Absorption as a therapeutic agent
Journal/Book: Journal of Contemporary Psychotherapy. 1984; 14: 93-108.
Abstract: Suggests that the process of absorption is therapeutically adaptive for patients in a variety of contexts. Absorption is defined as the temporary loss of self through immersion in an object (e.g., music, nature) that eventuates in self-enhancement. Patients who become absorbed in animate and/or inanimate objects are better able to cope with a variety of problems and experience a heightened sense of well-being. Absorption is distinguished from symbiosis, mystic experiences, and religion. Recognition, validation, and employment of absorption in the analytic session are considered. Absorption is therapeutically useful to patients manifesting a variety of syndromes and symptoms; these include obsessive-compulsive patients who fear losing control over the structured environment, patients excessively preoccupied with themselves, and anxious patients. The absorption experience during sessions can be unilaterally experienced by the patient or reciprocally entered into by patient and analyst, who spontaneously immerse themselves in a shared object outside themselves, such as a dream. (37 ref)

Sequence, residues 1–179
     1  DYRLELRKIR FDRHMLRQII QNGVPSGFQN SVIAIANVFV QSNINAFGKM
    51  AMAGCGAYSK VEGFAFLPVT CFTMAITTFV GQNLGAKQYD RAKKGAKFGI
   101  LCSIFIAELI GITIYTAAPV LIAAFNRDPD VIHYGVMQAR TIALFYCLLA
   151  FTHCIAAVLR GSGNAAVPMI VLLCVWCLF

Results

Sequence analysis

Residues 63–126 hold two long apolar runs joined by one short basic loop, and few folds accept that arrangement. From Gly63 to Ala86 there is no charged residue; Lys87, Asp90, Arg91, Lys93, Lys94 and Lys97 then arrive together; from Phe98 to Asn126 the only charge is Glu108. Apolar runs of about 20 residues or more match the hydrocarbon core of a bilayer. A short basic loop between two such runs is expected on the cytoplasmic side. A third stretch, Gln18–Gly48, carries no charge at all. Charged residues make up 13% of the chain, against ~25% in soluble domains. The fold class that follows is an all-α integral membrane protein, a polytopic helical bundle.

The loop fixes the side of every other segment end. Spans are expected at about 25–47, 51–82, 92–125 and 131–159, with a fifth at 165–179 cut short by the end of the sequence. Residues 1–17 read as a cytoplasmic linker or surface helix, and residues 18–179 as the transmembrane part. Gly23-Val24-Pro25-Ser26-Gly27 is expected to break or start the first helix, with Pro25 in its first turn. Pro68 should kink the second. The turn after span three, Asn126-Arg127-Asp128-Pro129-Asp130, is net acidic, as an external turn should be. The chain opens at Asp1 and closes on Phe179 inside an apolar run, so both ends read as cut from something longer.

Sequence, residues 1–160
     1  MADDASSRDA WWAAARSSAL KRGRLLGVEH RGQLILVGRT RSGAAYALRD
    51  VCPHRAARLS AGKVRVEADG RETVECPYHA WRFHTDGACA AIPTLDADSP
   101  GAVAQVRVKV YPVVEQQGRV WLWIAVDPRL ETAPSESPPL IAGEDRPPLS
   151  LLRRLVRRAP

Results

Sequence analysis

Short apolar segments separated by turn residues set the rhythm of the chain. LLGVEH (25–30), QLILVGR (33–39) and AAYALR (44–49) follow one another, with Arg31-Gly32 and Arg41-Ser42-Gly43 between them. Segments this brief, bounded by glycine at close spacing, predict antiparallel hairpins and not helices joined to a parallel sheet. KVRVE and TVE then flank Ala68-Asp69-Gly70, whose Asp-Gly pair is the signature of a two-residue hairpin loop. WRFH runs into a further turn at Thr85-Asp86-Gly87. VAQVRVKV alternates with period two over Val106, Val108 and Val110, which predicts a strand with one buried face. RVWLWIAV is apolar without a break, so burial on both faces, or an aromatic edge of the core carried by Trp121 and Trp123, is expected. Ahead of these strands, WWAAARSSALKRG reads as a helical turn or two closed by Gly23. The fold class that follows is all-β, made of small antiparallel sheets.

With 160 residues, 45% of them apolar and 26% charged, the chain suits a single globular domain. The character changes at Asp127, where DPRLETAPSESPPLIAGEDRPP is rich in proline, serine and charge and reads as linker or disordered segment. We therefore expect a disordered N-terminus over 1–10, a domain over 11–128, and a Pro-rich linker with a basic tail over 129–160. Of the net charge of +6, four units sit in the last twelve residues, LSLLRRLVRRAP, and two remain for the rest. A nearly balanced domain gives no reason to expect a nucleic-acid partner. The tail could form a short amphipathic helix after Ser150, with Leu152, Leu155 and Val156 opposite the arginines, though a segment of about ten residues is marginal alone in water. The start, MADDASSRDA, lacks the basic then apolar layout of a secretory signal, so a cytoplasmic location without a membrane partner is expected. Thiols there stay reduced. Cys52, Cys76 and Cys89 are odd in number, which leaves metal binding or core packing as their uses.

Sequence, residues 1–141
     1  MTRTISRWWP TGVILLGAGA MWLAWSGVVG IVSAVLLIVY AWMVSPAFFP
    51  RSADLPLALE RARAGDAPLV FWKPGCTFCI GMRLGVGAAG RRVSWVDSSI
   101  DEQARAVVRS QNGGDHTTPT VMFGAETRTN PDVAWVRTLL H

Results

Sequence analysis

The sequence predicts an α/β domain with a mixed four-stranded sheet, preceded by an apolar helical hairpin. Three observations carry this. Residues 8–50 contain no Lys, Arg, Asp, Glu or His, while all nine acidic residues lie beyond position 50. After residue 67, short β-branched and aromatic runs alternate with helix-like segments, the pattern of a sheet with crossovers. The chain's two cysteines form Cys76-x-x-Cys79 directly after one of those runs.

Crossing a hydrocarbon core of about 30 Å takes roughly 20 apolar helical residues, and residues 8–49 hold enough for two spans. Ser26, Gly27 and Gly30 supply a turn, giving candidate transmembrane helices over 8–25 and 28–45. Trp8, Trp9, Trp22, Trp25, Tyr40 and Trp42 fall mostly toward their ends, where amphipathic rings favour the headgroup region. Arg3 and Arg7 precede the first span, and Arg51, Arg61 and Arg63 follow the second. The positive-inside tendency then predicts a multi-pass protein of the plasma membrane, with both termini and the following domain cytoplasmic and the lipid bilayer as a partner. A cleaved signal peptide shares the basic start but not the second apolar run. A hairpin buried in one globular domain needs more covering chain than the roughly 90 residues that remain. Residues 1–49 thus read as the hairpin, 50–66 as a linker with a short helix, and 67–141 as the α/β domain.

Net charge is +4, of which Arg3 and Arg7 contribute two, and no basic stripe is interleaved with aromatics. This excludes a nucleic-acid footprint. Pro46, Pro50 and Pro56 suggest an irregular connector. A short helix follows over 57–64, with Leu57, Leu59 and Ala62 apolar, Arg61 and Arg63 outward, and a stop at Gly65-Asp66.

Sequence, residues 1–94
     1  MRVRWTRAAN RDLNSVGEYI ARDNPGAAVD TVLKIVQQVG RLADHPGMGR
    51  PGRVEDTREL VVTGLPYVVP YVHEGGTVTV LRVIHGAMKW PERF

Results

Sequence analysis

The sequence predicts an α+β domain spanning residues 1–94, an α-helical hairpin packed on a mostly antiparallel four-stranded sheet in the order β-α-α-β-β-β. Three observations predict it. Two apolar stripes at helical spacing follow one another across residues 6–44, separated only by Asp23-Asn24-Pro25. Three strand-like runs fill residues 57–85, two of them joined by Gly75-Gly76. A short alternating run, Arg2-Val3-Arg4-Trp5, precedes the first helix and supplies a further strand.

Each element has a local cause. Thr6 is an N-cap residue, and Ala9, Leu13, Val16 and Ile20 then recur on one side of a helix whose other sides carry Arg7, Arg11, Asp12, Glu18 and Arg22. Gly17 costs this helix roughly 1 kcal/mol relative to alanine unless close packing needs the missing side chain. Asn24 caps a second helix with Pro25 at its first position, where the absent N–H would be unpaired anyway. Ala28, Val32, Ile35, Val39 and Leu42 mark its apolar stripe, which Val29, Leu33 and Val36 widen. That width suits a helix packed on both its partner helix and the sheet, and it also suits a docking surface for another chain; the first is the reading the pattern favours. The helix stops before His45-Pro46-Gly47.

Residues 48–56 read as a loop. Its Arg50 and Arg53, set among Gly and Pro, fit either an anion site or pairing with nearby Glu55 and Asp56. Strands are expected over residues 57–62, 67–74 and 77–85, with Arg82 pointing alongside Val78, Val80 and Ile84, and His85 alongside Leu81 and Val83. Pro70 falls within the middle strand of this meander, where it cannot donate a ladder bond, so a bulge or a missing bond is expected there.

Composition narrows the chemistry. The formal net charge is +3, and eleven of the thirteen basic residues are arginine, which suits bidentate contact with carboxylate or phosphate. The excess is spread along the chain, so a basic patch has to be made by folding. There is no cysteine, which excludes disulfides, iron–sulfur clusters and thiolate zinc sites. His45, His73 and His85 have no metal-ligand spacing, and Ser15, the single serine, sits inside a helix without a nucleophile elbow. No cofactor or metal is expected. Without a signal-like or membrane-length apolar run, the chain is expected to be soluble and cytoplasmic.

Note: therapeutic adaptation through process of absorption; psychotherapy patients
Keyword(s): Psychotherapeutic processes; psychotherapy